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absence she would be surrounded by her own family and occupied in attending to mine—if the word could be applicable to one little baby—I felt less difficulty in leaving her, the more especially as my stay at Cuthbert's would be so extremely short.

My deliberations and consultations, however, were broken in upon by the arrival of Sniggs, the announcement of whose name in connexion with the duty which, according to the groomboy's account, he had been performing, produced something like a shudder on my frame, but whom, of course, it was most essential I should see. I accordingly went down stairs, and am almost ashamed to own how unwillingly; suffice it to say, without attempting to describe them, that my feelings, whatever they were, were by no means moderated by seeing both my pet dogs worrying about and sniffing the worthy apothecary's clothes, as if they were aware of the presence of an odour which might breathe infection in my yet untainted house. I drove them out of the room with an abruptness of manner and severity of tone very unusual with me in my intercourse with dumb animals.

"Well, Sir," said Sniggs, "this is a sad business; I had hoped better things: however, it is a consolation to myself and Mrs. Sniggs to know that everything was done that could be done."

Yes, thought I, and something more than need have been done.

"I never saw an instance where fever increased so rapidly—it was irresistible—an effusion of blood on the brain terminated the struggle. Poor fellow! he suffered greatly during the night and became delirious, and at the last was quite unconscious of what was passing—when will he be buried, Sir?"

"That is a matter upon which I can say nothing till I have seen my brother," said I.

"You propose going to him, then?" said Sniggs.

"I think so."

"Because," continued the apothecary, "it struck me that, perhaps, having had charge of him, having attended him, and watched him through the progress of the disease, it might have been, in some degree, consolatory and satisfactory to Mr. Gurney if I were to go to him myself: I could explain more correctly and minutely the circumstances of the case, and"

"But," said I, "your patients here!"

"Oh," said Sniggs, "I can arrange all that —my friend Pillman would take charge of them; besides, my own assistant is perfectly able to do that. This is no time for joking; but you know what Pillman said to the bishop who refused to ordain him, because he was not properly qualified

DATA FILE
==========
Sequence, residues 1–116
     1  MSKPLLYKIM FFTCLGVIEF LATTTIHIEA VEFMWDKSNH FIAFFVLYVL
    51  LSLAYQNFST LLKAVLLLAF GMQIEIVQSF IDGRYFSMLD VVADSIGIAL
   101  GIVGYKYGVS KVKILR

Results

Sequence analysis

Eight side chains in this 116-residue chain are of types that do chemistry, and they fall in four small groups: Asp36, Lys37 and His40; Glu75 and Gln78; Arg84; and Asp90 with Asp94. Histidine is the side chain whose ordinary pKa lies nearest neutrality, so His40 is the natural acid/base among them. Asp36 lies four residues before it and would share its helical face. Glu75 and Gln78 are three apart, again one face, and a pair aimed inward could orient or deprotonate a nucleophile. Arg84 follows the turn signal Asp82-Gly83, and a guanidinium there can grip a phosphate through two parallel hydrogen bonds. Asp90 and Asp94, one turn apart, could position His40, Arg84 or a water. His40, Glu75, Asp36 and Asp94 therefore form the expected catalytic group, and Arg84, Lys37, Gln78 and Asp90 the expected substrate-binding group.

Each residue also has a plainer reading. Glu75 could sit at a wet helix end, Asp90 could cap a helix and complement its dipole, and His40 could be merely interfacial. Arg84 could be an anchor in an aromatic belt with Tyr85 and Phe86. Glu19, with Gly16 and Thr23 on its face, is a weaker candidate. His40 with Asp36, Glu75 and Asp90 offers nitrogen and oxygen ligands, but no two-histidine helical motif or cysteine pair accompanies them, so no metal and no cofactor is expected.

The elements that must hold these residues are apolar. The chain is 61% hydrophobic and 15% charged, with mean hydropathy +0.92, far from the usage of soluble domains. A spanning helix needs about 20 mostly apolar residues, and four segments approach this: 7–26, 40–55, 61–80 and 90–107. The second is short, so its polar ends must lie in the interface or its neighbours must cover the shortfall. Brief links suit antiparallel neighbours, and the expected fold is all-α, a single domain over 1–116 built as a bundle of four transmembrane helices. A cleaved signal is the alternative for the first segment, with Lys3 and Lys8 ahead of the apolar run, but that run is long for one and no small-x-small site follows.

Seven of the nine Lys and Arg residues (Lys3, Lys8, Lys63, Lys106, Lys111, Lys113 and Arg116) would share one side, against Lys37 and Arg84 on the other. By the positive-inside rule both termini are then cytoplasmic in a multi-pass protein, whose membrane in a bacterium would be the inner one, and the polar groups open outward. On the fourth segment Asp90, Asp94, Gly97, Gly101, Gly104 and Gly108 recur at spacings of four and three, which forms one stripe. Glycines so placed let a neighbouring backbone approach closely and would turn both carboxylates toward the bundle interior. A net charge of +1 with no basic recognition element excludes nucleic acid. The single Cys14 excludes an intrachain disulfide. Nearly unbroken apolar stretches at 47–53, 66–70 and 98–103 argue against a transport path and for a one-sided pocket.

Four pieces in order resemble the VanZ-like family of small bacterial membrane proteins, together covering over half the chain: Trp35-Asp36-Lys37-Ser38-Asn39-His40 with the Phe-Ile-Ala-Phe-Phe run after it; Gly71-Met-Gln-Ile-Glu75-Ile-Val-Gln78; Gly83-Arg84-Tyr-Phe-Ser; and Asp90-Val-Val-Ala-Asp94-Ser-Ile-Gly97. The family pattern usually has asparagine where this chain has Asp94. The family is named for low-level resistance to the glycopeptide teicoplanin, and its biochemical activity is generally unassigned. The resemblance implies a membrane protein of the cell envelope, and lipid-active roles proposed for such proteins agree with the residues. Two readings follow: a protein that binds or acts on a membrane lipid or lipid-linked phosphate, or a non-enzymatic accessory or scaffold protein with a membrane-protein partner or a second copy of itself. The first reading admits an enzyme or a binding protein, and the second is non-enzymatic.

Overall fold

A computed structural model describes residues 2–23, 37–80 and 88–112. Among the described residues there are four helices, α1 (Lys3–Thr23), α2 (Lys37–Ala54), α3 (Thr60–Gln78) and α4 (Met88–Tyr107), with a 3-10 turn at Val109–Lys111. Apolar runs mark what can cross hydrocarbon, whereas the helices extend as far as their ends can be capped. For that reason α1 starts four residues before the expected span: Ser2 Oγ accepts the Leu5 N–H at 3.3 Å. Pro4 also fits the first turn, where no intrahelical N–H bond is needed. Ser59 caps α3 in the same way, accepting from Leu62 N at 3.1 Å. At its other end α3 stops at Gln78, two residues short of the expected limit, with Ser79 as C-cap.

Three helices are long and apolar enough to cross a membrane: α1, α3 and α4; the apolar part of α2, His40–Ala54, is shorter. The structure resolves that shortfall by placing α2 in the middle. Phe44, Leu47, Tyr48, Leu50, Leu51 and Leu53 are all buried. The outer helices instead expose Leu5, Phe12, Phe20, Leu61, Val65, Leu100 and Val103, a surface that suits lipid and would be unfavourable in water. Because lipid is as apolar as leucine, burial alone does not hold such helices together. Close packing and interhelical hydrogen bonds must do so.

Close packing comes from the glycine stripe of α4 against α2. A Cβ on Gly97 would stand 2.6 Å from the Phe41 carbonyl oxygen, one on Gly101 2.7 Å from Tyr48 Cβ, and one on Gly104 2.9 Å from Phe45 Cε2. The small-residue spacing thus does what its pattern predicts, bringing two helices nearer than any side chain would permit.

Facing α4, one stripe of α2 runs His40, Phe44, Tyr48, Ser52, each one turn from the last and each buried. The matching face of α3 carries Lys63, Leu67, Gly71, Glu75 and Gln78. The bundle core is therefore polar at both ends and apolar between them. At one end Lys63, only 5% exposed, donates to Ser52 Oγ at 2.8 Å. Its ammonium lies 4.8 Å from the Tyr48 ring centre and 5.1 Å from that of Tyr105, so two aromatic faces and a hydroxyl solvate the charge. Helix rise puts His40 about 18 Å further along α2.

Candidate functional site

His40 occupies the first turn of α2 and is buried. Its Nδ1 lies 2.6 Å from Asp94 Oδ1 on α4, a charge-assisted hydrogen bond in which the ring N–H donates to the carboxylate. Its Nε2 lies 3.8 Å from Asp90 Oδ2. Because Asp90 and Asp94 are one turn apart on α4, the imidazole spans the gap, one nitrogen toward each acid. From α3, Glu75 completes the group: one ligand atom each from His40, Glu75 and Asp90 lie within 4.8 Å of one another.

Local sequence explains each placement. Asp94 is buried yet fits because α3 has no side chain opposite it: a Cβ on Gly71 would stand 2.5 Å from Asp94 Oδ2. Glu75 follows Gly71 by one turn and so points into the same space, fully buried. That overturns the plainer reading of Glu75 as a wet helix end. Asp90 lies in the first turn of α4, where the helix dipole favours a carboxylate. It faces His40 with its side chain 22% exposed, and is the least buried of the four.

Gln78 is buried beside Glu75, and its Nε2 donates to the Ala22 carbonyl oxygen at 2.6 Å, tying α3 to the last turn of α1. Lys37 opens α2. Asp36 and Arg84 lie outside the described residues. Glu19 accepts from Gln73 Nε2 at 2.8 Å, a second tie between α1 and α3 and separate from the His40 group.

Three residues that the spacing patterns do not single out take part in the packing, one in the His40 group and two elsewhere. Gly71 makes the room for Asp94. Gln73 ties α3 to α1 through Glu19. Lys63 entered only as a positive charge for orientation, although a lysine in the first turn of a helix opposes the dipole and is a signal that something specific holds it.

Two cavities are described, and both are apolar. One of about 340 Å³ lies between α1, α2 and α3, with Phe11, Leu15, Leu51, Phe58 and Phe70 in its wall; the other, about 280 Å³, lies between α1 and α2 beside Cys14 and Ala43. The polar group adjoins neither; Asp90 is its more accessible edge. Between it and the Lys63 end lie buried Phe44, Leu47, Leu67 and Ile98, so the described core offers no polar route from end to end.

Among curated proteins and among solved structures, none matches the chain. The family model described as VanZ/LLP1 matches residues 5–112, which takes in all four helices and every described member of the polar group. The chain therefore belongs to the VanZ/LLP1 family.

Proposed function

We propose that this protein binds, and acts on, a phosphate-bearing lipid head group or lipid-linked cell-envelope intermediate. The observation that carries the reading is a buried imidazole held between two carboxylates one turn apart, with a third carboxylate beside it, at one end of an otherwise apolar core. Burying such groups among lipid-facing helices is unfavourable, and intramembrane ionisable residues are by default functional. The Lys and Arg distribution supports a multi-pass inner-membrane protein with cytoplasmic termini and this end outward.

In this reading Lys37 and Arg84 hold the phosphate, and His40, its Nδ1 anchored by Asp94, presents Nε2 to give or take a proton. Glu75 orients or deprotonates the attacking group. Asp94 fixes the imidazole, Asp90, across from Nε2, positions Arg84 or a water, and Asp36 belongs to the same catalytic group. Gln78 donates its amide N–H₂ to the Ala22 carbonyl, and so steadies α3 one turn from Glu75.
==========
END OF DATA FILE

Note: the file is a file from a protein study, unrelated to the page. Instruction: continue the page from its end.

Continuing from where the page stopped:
M He said, 'my lord, I regret this refusal more for the sake of others than myself—it may cause the death of hundreds.' 'How so, Sir?' said the bishop. * Why, my lord,' replied Pillman, 'If I do not get into the church, I must follow my father's profession, and practise physic'"

Sniggs, I fancy, saw in the expression of my countenance that I did not particularly admire the tone and manner of his conversation at such a moment; for he suddenly threw an extra proportion of grief into his strange-looking features, and inquired in a mournful tone whether I approved of his proposal.

It struck me that it would be an exceedingly good plan; but I determined not to sanction it without further consultation in the family cabinet. It was not difficult to discover divers and sundry reasons why the active son of iEsculapius was both ready and willing to undertake the expedition. In the first place he would show his anxiety and sympathy; in the second, he would explain the case more favourably for himself, carefully concealing, no doubt, the episode of the cherry-brandy, which as I felt, although I did not admit, had mainly contributed to the catastrophe; and, in the third place, his extra attention and rapid journey, to the manifest prejudice and neglect of all his other patients, would give him a substantial claim upon Cuthbert's liberality, which, after the melancholy termination of the boy's illness, might probably require some powerful stimulants in the way of counteracting the grief and disappointment of the hopes he had entertained of the apothecary's skill.

"Well," said I, "I will go and talk this over with Mrs. Gurney; and if we agree in thinking your scheme available, when shall you be ready to start?"

"In an hour," said Sniggs. "I have given all the necessary orders with respect to the body, and every thing will go on perfectly well in my absence, subject to such instructions as Mr. Gurney may give me, which, of course, I shall hurry back to fulfil."

"Will you wait five minutes?" said I.

"I am at your orders," replied Sniggs. "I don't know whether it is quite luncheon time, but if it is—and I assure you I am deuced hungry—hav'n't had time to eat a morsel this morning—and you are for my going, I would take a snack, which would save time, and I could order horses as I went by the King's Head, and so come round here for your letter."

"Luncheon you shall have," said I, not entirely forgetting what his morning's occupations

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